4 sleat - crossing to raasay

2-6 & 29 IX – 3 X 1773  7 VIII 2013


6–8 & 25–28 X 1773 
5 VIII 2013

8 IX 1773
8 VIII 2013


8 IX 1773
9 VIII 2013

8 IX 1773
9 VIII 2013



Back on Skye, we worked our way up from Ostaig.

At Armadale we enquired after the great ash trees that grew around the old manse – we were offered a variety of possible locations, roughly as many as the number of people we asked – and wandered in the lovely gardens of Clan MacDonald.

We visited geodisic Sabhal Mor and wondered, is it the turn of the Western Isles to instruct the urban regions?

We snoozed and read Highet, of Glasgow, on the Latin poets, lolling on the strand of Knock Bay. There was charm in his claim of Catullus as an Italian Celt. Some of the words that his poetry brought into Latin may even be of Celtic origin, including kiss, basia. Highet characterized the poet’s ‘desperate passion’, and ‘unreasonable, almost suicidal fervour’ as typically Celtic. What would Johnson have made of that?

Reading Highet’s ‘Ovid’ on Baigh a’ Chnuic


he’d the charm of saying
   wicked things

in words that shone
   like the sun


though the broad strand
   is golden

still, stuck between your toes
   the dirt shows


Ovid read
   with his feet

   with his cock

(for Harry Gilonis)

Ovid’s learnedness became mythic because, Highet tells us, he could read with his feet – a misunderstanding that arose from the statue in his home town, Sulmo, where he was posed standing upon a book.


Highet, Gilbert Poets in a Landscape (1957)
Hutchinson, Roger A Waxing Moon: The Modern Gaelic Revival (2005)



Earlier in the year, when Ken was about to visit Auchinleck, Alec had a quixotic duty to perform at Kinloch Lodge, delivering a book of old recipes gathered by Wilma Paterson to the high-class chef and hostess Claire Macdonald, who has run the Lodge hotel for 40 years.

Alec was impressed by her wally parrots. The staff were unimpressed by his muddy waterproofs.

   “there are two   Claires   but only one   LADY

Here are two recipes from Wilma’s book using plants we have already mentioned, bog-myrtle and raspberry.

Raspberry-leaf Tea

This is a remedy for chills and influenza. Use 1 oz of dried leaves to 1 pint of water. Make it as you would China tea and take sweetened with honey.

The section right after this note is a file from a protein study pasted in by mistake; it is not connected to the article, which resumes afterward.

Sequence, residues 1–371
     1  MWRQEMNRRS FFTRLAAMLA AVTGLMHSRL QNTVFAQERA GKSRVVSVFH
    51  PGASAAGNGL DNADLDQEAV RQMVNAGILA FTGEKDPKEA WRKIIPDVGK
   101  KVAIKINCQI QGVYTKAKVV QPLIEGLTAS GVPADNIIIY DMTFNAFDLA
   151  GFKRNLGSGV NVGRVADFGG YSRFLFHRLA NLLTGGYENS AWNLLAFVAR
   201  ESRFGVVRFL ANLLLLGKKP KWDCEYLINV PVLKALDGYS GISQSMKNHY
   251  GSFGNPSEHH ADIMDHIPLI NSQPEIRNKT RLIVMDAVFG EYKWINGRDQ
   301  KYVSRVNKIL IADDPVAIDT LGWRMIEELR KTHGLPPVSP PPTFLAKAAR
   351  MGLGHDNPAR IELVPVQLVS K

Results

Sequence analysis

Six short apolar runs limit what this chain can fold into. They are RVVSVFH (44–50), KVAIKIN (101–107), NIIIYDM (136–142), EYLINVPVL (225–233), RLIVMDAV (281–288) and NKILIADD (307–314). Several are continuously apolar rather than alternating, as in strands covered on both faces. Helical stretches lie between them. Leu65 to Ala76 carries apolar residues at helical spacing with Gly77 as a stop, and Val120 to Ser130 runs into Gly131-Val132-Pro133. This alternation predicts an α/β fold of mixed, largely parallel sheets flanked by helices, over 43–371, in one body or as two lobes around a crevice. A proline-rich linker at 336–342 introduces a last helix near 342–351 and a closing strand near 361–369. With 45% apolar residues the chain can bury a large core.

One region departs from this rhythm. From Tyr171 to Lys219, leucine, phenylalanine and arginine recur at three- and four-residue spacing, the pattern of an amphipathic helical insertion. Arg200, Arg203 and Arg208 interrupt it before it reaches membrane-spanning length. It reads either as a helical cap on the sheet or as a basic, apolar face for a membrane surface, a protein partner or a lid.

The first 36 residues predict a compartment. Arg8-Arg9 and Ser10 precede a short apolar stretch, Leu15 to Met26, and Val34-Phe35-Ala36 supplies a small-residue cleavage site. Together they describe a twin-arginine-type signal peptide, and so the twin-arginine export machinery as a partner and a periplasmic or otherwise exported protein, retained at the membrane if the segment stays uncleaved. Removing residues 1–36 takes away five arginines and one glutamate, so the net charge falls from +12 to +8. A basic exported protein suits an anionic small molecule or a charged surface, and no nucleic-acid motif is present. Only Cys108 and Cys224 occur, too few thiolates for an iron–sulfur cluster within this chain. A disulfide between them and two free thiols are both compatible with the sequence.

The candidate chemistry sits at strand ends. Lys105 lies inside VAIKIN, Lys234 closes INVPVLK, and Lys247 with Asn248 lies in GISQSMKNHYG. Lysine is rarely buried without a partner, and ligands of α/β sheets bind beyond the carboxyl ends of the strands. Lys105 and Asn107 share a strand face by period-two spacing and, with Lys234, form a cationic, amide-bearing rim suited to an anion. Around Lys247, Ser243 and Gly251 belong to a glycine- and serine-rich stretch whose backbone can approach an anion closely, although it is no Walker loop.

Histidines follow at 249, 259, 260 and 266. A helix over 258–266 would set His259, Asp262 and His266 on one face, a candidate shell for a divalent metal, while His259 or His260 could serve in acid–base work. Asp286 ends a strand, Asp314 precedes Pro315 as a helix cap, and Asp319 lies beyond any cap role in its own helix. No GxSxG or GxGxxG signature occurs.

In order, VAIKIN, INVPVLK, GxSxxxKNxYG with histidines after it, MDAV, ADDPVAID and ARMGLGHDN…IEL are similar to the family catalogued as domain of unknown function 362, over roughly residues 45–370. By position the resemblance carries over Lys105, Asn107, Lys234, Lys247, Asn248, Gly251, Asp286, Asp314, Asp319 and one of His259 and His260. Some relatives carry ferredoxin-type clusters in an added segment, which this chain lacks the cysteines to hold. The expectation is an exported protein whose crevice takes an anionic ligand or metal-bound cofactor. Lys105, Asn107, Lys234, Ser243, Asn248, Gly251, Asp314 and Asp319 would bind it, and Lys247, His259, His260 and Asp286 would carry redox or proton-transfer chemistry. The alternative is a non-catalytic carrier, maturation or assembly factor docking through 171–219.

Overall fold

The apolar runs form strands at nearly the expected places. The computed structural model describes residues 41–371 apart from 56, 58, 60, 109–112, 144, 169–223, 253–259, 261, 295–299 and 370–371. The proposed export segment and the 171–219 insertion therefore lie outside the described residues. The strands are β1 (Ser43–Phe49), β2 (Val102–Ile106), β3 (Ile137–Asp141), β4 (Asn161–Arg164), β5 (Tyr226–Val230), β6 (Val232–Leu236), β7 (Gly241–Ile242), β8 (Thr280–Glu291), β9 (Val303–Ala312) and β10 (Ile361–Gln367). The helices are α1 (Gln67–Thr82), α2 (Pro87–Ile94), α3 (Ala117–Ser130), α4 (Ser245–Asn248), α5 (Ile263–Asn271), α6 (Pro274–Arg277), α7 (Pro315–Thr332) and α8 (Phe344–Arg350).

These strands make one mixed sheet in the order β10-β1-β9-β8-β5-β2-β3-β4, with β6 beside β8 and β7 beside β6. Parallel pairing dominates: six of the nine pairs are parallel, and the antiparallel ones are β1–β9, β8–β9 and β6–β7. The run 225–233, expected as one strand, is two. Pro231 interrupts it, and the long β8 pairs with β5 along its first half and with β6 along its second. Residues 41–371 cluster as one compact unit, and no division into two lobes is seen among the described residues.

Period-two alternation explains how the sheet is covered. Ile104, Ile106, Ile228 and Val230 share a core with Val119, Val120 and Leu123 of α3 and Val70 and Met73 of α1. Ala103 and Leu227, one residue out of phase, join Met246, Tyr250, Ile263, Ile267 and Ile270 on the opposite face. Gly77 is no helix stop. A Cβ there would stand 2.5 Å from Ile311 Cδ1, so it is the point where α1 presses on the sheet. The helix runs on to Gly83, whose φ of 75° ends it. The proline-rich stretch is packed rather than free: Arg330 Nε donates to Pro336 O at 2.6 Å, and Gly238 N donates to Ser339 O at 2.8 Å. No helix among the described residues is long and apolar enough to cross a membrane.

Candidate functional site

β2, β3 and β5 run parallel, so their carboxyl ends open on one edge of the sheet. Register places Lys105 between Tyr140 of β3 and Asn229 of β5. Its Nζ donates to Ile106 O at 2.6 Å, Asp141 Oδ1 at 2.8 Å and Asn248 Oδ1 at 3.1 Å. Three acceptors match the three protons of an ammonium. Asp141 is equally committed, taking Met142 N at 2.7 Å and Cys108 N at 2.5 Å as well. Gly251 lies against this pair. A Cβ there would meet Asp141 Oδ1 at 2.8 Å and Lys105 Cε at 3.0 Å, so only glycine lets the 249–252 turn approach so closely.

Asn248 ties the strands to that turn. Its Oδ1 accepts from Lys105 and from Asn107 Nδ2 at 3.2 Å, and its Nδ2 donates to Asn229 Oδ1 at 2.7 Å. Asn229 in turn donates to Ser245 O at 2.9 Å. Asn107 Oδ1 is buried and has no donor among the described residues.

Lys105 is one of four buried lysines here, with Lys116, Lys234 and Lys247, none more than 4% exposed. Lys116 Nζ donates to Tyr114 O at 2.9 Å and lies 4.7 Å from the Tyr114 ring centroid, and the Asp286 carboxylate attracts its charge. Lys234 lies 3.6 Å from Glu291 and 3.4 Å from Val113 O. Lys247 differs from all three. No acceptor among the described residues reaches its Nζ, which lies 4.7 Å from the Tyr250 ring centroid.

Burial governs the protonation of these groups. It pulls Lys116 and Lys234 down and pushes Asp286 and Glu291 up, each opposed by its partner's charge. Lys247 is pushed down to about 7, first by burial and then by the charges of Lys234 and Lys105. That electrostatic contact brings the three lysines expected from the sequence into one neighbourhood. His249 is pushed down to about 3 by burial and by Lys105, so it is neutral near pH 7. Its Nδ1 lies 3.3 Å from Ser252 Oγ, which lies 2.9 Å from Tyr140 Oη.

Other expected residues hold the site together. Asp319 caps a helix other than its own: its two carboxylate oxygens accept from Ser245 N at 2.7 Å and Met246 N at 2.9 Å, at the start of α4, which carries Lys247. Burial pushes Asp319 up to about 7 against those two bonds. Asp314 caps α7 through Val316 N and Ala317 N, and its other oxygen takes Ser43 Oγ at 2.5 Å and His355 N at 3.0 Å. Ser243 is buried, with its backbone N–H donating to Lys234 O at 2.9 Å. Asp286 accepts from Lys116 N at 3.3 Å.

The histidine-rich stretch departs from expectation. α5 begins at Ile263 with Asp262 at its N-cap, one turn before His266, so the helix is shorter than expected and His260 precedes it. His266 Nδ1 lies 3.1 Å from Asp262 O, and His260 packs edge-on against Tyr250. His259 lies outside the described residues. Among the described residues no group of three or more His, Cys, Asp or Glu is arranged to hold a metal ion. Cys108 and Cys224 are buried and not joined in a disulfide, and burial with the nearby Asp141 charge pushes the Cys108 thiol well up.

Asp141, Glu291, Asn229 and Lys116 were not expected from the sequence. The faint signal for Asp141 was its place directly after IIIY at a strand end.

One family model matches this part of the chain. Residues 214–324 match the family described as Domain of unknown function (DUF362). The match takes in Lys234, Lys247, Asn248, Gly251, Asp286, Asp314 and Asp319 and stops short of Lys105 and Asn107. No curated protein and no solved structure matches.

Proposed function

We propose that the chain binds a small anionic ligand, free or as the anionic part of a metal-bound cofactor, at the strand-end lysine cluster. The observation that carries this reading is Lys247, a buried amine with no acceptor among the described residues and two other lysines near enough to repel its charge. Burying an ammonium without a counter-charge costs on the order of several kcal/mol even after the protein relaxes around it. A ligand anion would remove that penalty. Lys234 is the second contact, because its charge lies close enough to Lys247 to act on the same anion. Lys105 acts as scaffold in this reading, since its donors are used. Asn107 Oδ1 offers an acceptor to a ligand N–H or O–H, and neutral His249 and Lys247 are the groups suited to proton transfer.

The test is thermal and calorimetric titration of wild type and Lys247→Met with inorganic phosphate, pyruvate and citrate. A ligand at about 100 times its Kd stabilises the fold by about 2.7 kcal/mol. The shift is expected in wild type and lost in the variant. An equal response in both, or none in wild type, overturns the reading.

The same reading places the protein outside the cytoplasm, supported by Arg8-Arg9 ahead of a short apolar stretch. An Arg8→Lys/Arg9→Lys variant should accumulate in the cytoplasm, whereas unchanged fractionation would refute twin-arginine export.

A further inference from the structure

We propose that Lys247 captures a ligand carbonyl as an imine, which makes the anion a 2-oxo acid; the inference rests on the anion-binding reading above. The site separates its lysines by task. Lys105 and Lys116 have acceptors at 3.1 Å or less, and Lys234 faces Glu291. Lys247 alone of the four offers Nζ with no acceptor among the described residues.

Bog-myrtle Beer

10 oz malt extract
8 0z sugar
1 dessertspoon dried yeast
1 gal water
1 oz dried bog-myrtle (a little more if using it fresh)

Boil the bog-myrtle in the water for several minutes. Strain onto the malt and sugar in a stone jar. Stir well till dissolved and, when lukewarm, sprinkle on the yeast. Cover with a cloth and leave in a warm place to ferment for five or six days. Siphon the beer off the sediment and bottle in screw-top bottles, adding 1 teaspoon of sugar to each bottle. Leave for at least a week before drinking.


Macdonald, Claire Lifting the Lid, A Life at Kinloch Lodge (2012)

Paterson, Wilma A Country Cup (1980)


Coire-chat-achan, Corrie of the Wild-cats. The travellers stayed a mile beyond Broadford at ‘Corrichatachin’ (Boswell), or ‘Coriatachan’ (Johnson). 

Their hosts, Mr and Mrs MacKinnon, had entertained Pennant, who climbed Beinn na Calliach. They gifted him ‘a curious specimen of Highland antiquity’, but we never could discover what. Perhaps a portion of the fine bread and butter pudding Boswell enjoyed so much. Boswell notes they have a number of books, including a copy of ‘Dr Johnson's small Dictionary’; and it’s here that Johnson writes his second Latin poem to the Hebrides, ‘Permeo terra, ubi nuda rupes’, the first stanza of which reads in English translation:

‘I am travelling through a country where bare rocks and stony ruins alike are clothed in mists, where the grim countryside mocks the crofter’s barren labours.’

Old Corry is long a ruin, one that we recognized in every stone in a very stony field. When Maclaren revisits the site in the 1950s – he knew it from his childhood – he writes, ‘when I had last seen the house it was a corpse, now it was a ghost’.


Johnson, Samuel The Latin Poems (2005)
McLaren, Moray The Highland Jaunt (1953)
Pennant, Thomas A tour in Scotland. MDCCLXIX (1771)


The crossing to Raasay was made in a birlinn, setting off from the bay of ‘Skianwden’, as spelt by Boswell. 

Johnson sat in the bow, and they were rowed out through Caolas Scalpay and Loch na Cairidh, over the Narrows of Raasay. Malcolm Macleod captained the oarsmen and led the singing of the old standard ‘Hatyin foam foam eri’, in praise of Allan of Moidart, chief of Clanranald. Boswell says the tune went something like ‘Owr the muir amang the heather’. He gave it a go himself, on Coll, for the entertainment of Mrs M’Sweyn, who was threatening to teach him Erse.

   Come, here’s a pledge to young and old,

   We quaff the blood-red wine;
   A health to Allan Muidart bold;
   The dearest love of mine.
   Along, along, then haste along,
   For here no more I’ll stay;
   I’ll braid and bind my tresses long,
   And o’er the hills away.

Johnson must class the song by the Classics: this was ‘ancient proceleusmatick’ – from the Greek prokeleuein, ‘to drive on’ – its rhythm given impetus by a stroke of short syllables, sung by the slaves who propelled classical galleys. In his Voyage to the Hebrides, Pennant records that Gaelic oar-songs were often laments, long, solemn, and slow, ‘it being impossible for the rowers to keep a quick time.